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And now for something…untrue


Even though the “Great Roethlisberger Hoax” is history, parallel effects could be long-lasting.

What will happen to fact-checking, verification and synthesis in print media – and online – in the future? After all, there are some who would argue that journalism’s use of social media creates a new standards.

The need for speed outweighs the need for accuracy.

Scholastic journalism has had its own version of the hoax in the April Fools issues each year. I hate to think what could happen it they go online.

Credibility and integrity are at the heart of this incident, and NPR’s On the Media made the incident the focus of its Sept. 3 show. Wise defends his intent, which he said was to show that far too many “journalists” would pick up and repost his “scoop.”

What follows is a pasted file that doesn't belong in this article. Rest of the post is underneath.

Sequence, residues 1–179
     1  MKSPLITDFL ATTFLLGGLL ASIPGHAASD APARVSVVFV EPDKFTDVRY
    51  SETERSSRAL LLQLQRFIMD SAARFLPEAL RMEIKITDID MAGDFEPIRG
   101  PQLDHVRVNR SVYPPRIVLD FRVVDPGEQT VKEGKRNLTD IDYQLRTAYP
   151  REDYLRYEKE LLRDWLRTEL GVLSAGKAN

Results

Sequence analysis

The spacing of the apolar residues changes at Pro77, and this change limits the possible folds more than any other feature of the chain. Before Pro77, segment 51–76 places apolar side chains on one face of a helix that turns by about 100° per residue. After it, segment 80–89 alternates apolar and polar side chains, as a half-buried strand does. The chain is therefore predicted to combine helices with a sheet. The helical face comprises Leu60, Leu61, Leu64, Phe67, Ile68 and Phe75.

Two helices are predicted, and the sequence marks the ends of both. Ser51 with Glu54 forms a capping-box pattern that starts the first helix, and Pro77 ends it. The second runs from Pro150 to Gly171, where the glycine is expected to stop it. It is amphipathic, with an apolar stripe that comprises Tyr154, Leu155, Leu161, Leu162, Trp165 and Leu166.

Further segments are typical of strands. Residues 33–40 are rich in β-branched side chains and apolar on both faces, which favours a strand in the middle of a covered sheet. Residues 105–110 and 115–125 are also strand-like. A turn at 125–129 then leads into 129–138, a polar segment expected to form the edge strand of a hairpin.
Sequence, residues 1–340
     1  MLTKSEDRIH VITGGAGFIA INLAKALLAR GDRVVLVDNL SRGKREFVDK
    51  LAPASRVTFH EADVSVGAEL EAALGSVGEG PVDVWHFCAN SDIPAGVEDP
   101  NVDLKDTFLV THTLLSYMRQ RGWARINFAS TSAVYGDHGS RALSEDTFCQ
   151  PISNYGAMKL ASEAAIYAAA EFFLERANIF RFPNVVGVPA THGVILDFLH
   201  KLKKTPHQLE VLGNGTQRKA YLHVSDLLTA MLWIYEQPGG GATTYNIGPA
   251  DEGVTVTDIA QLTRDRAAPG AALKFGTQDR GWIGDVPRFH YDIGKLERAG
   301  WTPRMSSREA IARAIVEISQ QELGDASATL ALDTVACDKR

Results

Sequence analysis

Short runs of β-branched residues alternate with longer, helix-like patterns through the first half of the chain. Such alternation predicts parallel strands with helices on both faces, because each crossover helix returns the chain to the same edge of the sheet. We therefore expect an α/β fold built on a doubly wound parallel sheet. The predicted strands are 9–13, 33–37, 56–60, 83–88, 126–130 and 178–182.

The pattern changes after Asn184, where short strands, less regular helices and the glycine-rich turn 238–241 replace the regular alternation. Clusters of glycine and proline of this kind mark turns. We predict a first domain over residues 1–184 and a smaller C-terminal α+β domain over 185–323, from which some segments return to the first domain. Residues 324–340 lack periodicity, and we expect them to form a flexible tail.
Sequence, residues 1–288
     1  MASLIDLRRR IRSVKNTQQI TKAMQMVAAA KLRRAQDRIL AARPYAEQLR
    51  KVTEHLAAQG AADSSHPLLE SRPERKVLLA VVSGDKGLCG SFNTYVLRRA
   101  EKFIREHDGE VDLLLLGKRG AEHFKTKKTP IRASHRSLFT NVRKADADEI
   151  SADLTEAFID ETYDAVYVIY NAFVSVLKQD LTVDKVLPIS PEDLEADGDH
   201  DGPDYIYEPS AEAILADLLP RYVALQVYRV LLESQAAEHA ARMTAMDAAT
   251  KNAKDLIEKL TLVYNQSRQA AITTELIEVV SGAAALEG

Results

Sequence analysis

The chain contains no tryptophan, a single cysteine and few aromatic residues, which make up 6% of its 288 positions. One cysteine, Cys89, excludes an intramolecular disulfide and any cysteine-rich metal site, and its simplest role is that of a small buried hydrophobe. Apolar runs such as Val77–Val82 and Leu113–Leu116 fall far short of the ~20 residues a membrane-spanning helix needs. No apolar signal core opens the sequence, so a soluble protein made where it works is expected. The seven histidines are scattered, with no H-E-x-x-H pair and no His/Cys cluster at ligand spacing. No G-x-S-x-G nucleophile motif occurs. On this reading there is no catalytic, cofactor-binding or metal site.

Listen or read the transcript of the show. It is well worth your – and your students’ – time now, and maybe even again in April because it speaks to issues raised by legacy media and the potential for their rebirth online.

(For more information, go here and here).

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